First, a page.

Much has been done to pinpoint the causes and sources of the decline in Lake Tahoe’s clarity.
Lake Tahoe’s famously clear water is not just at the center of the visual landscape it is at the center of debate. The debate concerns a longstanding and global issue: How to live in proximity to the water that is fundamental to life and livelihood while not degrading it? The unique vantage point Tahoe provides on this issue is giving way to innovative thinking and new breakthroughs on this global issue. But whether Tahoe will be able to apply new knowledge and reverse the decline in water quality remains in sway.
Few places in the world have water like that in Lake Tahoe. The Tahoe Basin filled with the water of melting glaciers during past ice ages and has been replenished with high sierra snowmelt and rainfall ever since. While Comstock-era logging had a significant negative impact on water quality, Tahoe otherwise has suffered relatively little impact from humans in its two million year history. Year-round residence and its accoutrements have been available to significant numbers of people only in the past half-century at Tahoe. Tahoe has very high quality water compared to most places in the world but with year-round inhabitation water quality has rapidly declined.
Water quality degradation at Tahoe has been the subject of much study. Scientists have kept a record of Lake Tahoe water clarity since 1968 using a Secchi disk. The Secchi disk is a white disk mounted on a rope that is lowered slowly in the water. The depth at which the disk is no long visible is taken as a measure of the transparency of the water. Water clarity data collection began approximately as people were settling at Tahoe in unprecedented numbers. The record shows that between the years 1968 and 2000 one-third of Lake Tahoe’s clarity was lost.
The Lake Tahoe transparency standard for Secchi depth—nearly 100 feet—is the annual average Secchi depth measured between 1968 and 1971. The long-term failure to meet the standard activated a program under the Clean Water Act called the Total Maximum Daily Load, or TMDL. A TMDL is a calculation of the maximum amount of a pollutant that a waterbody can receive and still meet water quality standards, and an allocation of that load among the various sources of that pollutant. The determination that Tahoe water clarity is “impaired” and requires a TMDL to address that impairment activated significant investment in the characterization of the problem and the development of a program to fix it. Many aspects of how to restore lake clarity have been thoroughly researched, vetted and developed as a result.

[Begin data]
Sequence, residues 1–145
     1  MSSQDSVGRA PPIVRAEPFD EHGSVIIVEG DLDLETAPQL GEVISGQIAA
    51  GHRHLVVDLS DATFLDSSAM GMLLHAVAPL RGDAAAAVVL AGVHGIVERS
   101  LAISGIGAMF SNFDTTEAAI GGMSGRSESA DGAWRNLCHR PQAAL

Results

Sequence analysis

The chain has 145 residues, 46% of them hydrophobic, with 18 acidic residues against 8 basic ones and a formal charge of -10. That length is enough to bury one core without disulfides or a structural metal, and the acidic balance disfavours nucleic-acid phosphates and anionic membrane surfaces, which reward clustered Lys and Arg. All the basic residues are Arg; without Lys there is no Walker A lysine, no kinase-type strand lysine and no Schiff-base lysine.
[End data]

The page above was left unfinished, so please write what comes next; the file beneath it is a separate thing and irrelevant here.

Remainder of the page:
Scientists have pinpointed phosphorous, nitrogen and fine sediment particles as the causes of clarity decline. Nitrogen and phosphorous stimulate algae growth, which in turn absorbs light, reducing how far light can penetrate into the lake. Fine sediment particles decrease clarity by scattering light as the particles slowly settle through the water. Lake Tahoe has been losing clarity at a rate of approximately 9 inches a year since the late 1960s and fine sediment is the primary culprit. Roughly two-thirds of the clarity condition is attributed to the fine sediment particles in suspension.
Scientists and engineers have determined that most of the phosphorous, nitrogen and fine sediment particles that reach Lake Tahoe get there via four mechanisms: atmospheric deposition, stream channel deposition, forest runoff and urban runoff. The estimate is that 72% of the fine sediment contribution to the Lake comes from urban runoff. In other words, the biggest amount of the most-detrimental stuff comes from the urban landscape.
Tahoe’s chapter in the tome society has written about how to live in proximity to the water that is fundamental to life and livelihood while not degrading it is unique. Few places have had the privilege of starting with water that is of such high quality, or having a scientific record that originates so near in time to the start of decline, or having so many human and financial resources come to bear. Many contend that debate about how to reverse water clarity decline can be more focused now thanks to recent findings about the causes and sources of clarity decline and thanks to management tools that have been designed specifically for Tahoe.
At this juncture, answering how to finance and facilitate the transition to a new paradigm in water quality improvement is the matter at hand.
U.S. Environmental Protection Agency page: What is a TMDL?
U.C. Davis Tahoe Environmental Research Center: State of the Lake Report.
California Regional Water Quality Control Board Lahontan Region. Charting the Course to Clarity.
Project Description. Proposed Basin Plan Amendment: Lake Tahoe Total Maximum Daily Load
Nevada Division of Environmental Protection: Charting the Course to Clarity. (video)